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Tiger Woods eyes 2020 Olympics but also faces questions

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FARMINGDALE, N.Y. — Tiger Woods knows how tough qualifying for the 2020 Olympics will be — tougher than qualifying for any PGA Tour event. The question is, will he go all in to make it to Tokyo?

“Would I like to play in the Olympics? Yes, I’ve never played in the Olympics, and I’m sure that I won’t have many more opportunities going forward at 43 years old now to play in many Olympics,” Woods said ahead of the PGA Championship at Bethpage Black on Tuesday. “Yes, that would be a first for me and something that I would certainly welcome if I was part of the team.”

To be part of the team, Woods must be ranked in the top 15 in the world and be among the top four ranked Americans on June 22, 2020. Via his Masters win, Woods is currently third among Americans in the Olympic golf ranking, according to Twitter guru Nosferatu.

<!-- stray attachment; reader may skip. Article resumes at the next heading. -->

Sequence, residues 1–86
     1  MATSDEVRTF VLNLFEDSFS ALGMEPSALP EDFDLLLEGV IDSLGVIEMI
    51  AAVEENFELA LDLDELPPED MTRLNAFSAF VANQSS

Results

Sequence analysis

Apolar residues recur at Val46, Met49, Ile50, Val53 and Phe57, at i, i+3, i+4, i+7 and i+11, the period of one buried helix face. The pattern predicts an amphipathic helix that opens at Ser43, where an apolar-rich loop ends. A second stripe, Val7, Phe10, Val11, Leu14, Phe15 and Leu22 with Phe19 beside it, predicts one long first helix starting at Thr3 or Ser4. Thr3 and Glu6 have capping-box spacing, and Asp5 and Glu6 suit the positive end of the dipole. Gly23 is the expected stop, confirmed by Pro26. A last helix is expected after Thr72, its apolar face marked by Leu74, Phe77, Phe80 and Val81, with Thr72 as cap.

It’s a precarious position with the likes of Brooks Koepka and Justin Thomas just off the bubble. Come next spring, when more Olympic qualifying points will be up for grabs, will Woods play more non-major tournaments to boost his ranking?

“Getting there and making the team is going to be the tough part,” he said. “How many events — how many events do I play, do I add a couple more to get in? These are all questions that will be answered going forward. I just know that if I play well in the big events like I did this year, things will take care of itself.”

True. Take the Masters win (although, come June 2020, it will have little effect on his Olympic ranking as more weight is given to 2020 events than 2019 ones).